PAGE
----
Back in my late twenties, as a jaded corporate drone, I recall the time someone decorated the work toilets with a delightful turd fresco. They smeared themselves a rich brown canvas onto the lid and then tastefully embellished it with an impromptu swastika.
There are few less unequivocal expressions of dissatisfaction at your ill-advised life choices than daubing fascist symbols on bog lids with your own faeces. Either that or serious mental health issues – which can actually be one and the same thing as we’ll shortly see.
There are other other, less messy, indicators that what you do for a living doesn’t press your buttons any more. So here’s a quick check-list, of which I ticked every box during my stints in shit jobs. It’s also enhanced with more recent observations of friends who clearly resent their occupations but aren’t brave enough to admit there’s a problem or do something about it – unlike you of course because you’re bold enough to make the change, aren’t you?
- Pay rises are meaningless and promotions bring short-lived joy: This tends to happen in the long-run anyway but if you find yourself lurching from one desperate appeal for recognition to another, perhaps that should tell you fulfilment lives elsewhere.
- You’re self-medicating boredom with gadgets, clothes and subscriptions: When jobs thieve our time and don’t provide healthy rewards we look to shiny objects for treats and leisure, soon growing bored and thus repeat the process, which is great for the vampires who sell you this shit but terrible for your soul.
- You’ve no patience for workaday bullshit: This manifests as diminished respect for workplace elders, or irritability at the bullshit meetings, empire-building and ladder-climbing all your colleagues seem to live for.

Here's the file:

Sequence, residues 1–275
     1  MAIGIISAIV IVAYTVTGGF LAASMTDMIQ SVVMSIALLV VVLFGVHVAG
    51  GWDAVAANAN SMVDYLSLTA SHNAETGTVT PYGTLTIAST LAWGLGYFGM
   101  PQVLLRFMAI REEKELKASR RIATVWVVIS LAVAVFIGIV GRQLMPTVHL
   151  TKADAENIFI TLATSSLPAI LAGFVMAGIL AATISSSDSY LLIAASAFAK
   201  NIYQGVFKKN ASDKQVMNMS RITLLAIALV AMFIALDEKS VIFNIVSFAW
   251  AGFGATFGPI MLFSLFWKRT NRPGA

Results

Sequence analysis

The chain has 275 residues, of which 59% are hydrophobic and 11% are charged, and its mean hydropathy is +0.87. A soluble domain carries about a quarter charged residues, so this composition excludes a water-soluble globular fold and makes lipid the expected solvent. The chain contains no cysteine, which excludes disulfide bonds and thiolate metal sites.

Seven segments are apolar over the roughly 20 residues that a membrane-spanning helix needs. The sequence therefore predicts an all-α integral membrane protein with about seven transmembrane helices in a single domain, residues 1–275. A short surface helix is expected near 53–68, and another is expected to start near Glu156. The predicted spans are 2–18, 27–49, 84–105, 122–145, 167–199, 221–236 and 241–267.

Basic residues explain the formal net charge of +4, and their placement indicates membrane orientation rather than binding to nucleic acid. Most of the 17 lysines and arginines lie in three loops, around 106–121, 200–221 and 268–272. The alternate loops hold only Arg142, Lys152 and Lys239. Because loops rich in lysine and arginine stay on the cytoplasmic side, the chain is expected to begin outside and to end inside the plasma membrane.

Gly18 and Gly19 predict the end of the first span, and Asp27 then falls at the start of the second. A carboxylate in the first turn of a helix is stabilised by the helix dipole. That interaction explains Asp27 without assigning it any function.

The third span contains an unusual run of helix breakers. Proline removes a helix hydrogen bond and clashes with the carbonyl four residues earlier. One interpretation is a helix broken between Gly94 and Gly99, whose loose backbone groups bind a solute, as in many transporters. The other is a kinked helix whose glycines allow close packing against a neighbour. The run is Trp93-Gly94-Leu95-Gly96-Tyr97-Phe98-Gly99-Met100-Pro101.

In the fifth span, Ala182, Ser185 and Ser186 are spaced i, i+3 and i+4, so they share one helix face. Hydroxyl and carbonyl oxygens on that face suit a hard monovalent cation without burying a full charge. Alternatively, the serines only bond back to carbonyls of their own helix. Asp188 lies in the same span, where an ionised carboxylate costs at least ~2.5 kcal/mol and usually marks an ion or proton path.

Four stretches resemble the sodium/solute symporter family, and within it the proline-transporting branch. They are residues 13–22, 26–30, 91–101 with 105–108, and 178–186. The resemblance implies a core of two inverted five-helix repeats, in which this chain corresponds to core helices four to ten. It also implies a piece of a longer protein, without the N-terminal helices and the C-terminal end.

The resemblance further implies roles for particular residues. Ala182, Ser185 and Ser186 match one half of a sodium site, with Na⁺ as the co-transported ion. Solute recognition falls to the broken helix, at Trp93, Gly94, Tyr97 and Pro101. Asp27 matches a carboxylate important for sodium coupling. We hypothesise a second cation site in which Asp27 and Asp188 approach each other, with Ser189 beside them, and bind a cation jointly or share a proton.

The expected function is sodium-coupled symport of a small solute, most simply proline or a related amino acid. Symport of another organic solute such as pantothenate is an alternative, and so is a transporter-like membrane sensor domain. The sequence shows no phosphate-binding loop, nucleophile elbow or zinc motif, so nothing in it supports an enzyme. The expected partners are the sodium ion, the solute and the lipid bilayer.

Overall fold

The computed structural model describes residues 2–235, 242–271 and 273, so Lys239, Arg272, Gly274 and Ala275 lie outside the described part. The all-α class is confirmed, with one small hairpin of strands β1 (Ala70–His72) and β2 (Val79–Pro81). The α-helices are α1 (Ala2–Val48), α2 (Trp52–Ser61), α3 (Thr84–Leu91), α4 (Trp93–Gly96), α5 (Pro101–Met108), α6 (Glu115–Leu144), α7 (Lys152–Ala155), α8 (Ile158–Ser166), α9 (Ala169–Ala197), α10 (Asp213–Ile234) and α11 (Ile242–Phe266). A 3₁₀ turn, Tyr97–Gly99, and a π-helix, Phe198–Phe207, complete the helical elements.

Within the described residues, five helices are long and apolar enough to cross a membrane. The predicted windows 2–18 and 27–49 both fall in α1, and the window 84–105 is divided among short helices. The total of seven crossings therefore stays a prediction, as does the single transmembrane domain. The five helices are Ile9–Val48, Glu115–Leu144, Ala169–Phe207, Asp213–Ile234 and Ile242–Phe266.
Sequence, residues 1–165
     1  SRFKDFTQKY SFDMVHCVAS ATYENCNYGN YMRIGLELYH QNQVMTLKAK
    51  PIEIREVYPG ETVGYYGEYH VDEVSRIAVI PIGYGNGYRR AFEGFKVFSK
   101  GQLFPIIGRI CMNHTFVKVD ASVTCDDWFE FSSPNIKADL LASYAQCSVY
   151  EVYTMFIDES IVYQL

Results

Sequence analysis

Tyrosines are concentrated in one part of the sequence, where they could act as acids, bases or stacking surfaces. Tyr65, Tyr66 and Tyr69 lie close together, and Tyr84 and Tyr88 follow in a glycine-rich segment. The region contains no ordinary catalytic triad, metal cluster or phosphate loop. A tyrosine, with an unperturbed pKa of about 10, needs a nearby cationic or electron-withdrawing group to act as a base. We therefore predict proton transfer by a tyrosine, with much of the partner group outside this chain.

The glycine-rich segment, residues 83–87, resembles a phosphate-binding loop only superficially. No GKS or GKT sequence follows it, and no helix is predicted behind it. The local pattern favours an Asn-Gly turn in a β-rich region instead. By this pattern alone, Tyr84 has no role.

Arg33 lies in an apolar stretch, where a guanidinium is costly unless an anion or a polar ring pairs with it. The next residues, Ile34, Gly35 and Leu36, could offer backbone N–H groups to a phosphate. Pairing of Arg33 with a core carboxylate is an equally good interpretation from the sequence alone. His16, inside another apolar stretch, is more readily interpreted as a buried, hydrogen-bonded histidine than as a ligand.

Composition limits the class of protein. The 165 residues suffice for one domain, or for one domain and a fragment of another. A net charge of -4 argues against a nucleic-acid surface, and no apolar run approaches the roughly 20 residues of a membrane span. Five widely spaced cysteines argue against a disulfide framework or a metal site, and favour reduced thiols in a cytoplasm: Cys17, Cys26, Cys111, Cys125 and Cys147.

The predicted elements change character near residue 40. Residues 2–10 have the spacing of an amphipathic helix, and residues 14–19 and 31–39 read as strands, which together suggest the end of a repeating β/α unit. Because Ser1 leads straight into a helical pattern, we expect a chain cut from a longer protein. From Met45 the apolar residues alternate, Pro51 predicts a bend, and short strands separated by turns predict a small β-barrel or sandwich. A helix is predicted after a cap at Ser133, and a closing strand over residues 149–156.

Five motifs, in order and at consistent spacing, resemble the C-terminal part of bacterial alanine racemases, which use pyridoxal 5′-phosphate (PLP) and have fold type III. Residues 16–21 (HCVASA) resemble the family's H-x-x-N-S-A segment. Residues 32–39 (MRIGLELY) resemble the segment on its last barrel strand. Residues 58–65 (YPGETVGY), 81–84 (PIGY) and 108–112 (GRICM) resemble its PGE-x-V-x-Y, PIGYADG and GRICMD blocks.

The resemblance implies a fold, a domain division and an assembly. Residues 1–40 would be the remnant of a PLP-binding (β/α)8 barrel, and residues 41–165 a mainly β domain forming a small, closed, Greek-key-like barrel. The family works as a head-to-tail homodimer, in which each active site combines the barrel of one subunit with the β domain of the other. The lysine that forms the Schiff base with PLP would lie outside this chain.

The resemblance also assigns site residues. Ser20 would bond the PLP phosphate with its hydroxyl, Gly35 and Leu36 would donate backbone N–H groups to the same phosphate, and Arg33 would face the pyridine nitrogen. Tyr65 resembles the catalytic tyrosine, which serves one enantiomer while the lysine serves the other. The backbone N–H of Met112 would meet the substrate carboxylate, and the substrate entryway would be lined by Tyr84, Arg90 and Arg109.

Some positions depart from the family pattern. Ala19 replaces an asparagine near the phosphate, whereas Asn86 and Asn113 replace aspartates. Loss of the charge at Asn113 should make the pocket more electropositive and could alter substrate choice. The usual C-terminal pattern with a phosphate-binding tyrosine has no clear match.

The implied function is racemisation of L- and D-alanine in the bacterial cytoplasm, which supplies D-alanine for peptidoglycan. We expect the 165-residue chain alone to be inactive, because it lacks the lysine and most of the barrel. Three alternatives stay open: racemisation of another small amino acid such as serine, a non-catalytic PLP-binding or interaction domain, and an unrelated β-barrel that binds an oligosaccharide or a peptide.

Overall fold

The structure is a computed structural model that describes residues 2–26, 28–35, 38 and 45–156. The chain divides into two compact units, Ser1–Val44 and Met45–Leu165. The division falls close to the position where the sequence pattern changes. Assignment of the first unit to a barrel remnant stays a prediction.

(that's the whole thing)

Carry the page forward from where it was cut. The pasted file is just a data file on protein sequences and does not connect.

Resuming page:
- You dread going into work every morning: I accept that this is a cornerstone of most people’s Monday morning routine, but I mean more heightened, brooding despair than usual everyday, like all the ambition is sucked out of you, and your heart sinks when you pass through the prison gates of your workplace.
- You long for more creative stimulation: perhaps your hobbies outside of work are more appealing than smashing your face into your computer screen all day, and deep-down you suspect you’d be better off (or were born to) march to the beat of your own drum instead of that of your corporate paymasters.
Some of these indicators also bear the hallmarks of depression, in which case you need help to get yourself out of it – ideally from a qualified person like your GP or a counsellor, rather than the horoscope section of the Metro paper. Depression tends to happen when we’re not getting what we need, it’s your body’s mayday call, so yet another reason to do something about it or you’ll be baking artwork in the toilets on company time before too long.
What next? Well, if you’re talented and hate your job I’ve got a great idea what you could do next…
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